Hear two of your favorite bestselling authors this week on The Reading Life: Khaled Hosseini, author of The Kite Runner, A Thousand Splendid Suns, and And the Mountains Echoed, tells us about his life in two worlds — Afghanistan and the United States. He'll be making his first New Orleans visit June 8 for an appearance at Temple Sinai sponsored by Octavia Books.
The New York Times' new executive editor, Dean Baquet, took over just two weeks ago, yet he appears perfectly comfortable in his perch atop the worlds of journalism and New York. He smokes fine cigars to relax, wears elegant loafers and excuses his decision to keep his suit coat on during our conversation by saying that's just who he is.
But Baquet's identity is wrapped up in a city and a different reality more than 1,000 miles away.
War brings countless injuries to the human condition. One of the most devastating consequences of conflict is disruption of basic medical services. These days it seems there are more and more stories on the radio and in newspapers about brave medical teams going into war-torn areas to treat the wounded and the needy.
On this week’s Notes from New Orleans, Sharon Litwin talks with one physician who calls New Orleans home when he’s not on a mission with Doctors Without Borders.
New Orleans is one of the country's most popular tourist destinations. There is no specific reason — there's no amusement park or beach — but like other great cities such as Paris and Manhattan, people come here to spend time just living like we do.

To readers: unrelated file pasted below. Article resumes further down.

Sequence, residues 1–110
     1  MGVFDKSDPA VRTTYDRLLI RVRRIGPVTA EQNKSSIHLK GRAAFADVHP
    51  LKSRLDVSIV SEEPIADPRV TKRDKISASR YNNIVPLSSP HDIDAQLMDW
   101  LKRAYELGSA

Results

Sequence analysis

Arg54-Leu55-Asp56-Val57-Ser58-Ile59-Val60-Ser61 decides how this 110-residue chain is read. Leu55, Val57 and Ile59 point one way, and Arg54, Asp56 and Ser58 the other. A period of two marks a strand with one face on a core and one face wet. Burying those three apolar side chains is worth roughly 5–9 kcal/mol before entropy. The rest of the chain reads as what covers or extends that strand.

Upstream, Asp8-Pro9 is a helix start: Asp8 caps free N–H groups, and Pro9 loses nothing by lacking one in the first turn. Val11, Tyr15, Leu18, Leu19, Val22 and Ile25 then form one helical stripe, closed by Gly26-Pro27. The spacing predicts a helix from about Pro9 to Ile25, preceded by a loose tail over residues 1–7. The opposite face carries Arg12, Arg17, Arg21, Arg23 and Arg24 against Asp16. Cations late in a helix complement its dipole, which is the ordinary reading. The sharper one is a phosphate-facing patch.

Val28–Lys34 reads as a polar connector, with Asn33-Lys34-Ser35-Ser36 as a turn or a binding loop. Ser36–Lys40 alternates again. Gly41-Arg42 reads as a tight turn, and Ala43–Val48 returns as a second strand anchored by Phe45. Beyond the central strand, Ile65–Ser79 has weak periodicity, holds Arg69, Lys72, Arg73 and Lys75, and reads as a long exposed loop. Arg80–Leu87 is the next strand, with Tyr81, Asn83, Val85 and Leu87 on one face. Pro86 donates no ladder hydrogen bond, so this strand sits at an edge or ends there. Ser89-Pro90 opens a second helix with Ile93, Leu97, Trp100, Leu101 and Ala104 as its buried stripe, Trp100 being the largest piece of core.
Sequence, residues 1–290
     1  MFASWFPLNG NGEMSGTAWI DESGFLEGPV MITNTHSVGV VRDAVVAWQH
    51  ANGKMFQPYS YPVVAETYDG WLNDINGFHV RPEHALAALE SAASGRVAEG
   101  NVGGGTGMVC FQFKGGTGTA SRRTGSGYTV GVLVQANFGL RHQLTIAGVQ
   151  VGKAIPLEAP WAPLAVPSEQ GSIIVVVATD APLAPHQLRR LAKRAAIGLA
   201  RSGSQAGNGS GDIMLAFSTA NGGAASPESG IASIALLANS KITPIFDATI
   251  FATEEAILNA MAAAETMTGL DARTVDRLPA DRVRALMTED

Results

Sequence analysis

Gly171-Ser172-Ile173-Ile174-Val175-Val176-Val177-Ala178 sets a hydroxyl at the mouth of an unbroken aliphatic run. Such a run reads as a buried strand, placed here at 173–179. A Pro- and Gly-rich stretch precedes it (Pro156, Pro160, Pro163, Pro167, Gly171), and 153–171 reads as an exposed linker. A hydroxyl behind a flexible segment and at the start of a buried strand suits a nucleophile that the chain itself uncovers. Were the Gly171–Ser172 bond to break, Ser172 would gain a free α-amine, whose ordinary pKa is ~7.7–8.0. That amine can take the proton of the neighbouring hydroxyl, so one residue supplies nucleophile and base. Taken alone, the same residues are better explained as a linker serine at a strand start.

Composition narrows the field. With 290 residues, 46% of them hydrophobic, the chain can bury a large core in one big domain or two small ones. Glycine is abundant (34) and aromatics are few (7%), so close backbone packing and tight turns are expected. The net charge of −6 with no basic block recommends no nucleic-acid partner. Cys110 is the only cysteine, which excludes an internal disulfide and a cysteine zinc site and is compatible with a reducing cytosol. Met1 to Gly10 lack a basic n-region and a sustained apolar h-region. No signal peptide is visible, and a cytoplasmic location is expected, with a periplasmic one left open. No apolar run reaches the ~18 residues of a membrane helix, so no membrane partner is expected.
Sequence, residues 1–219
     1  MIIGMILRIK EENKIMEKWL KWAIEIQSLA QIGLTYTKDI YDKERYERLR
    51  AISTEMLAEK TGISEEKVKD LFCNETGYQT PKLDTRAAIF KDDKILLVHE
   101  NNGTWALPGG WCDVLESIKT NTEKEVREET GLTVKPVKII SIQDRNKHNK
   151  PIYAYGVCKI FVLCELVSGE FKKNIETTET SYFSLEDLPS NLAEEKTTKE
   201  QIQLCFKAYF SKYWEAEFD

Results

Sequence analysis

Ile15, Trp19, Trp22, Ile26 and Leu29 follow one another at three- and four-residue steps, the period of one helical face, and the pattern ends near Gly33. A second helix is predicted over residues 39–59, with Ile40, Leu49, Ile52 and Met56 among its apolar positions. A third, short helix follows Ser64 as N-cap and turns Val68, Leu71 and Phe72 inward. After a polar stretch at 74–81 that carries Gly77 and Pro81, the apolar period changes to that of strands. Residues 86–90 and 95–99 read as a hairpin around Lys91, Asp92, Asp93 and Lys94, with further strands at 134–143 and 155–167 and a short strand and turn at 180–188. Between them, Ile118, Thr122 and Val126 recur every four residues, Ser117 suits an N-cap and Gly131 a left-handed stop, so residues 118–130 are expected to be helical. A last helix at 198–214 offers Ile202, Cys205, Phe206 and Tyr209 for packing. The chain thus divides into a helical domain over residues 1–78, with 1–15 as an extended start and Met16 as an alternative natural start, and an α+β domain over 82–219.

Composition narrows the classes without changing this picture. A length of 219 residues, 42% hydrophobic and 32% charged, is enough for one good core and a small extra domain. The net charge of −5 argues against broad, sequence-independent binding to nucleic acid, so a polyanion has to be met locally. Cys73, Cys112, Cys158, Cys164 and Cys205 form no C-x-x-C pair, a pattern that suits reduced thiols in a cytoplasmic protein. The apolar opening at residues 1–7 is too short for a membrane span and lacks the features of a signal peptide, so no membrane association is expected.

It's a week for Southern fiction on The Reading Life with Greg Iles, whose new thriller, the first in a trilogy featuring recurring character Penn Cage, is Natchez Burning; and New Orleans novelist Amy Conner, whose charming debut about female friendship is The Right Thing.
Plus, local artist Kenny Harrison talks about creating his new children's book series, The Hide and Seek Harry books.
Like most girls her age, Susan Cowsill watched The Partridge Family every week on television. But unlike most girls her age, she was related to the Partridges, albeit in a Hollywood kind of way.
The show was modeled after Cowsill and other members of her singing family.
In the 1960s and early '70s, The Cowsills were regulars on television, appearing with Ed Sullivan, Johnny Cash and on their own programs. They also had a string of top ten hits, including "The Rain, the Park and Other Things," and "Hair."
There are a lot of people these days claiming how well New Orleans is doing and that in business terms we're now competitive with almost any city in the country. If you'd like proof that this is fact, and not just feel-good boosterism, this edition of Out to Lunch might convince you.
What makes an artist into an entrepreneur? For jewelry designer Mignon Faget, it was less the kindness of strangers and more the assistance of friends. Mignon, now in her 81st year, still lives in the house she grew up in along Bayou St. John and is the subject of this week’s Notes from New Orleans.
This week on Inside the Arts, the Birdfoot Festival gears up for a week of live chamber music performances at venues across the city.
Then, we get a peek at an exhibit of pastel portraits celebrating notable New Orleans Free People of Color at Le Musée. And we round out with a classic American drama, Arthur Miller's Death of a Salesman.
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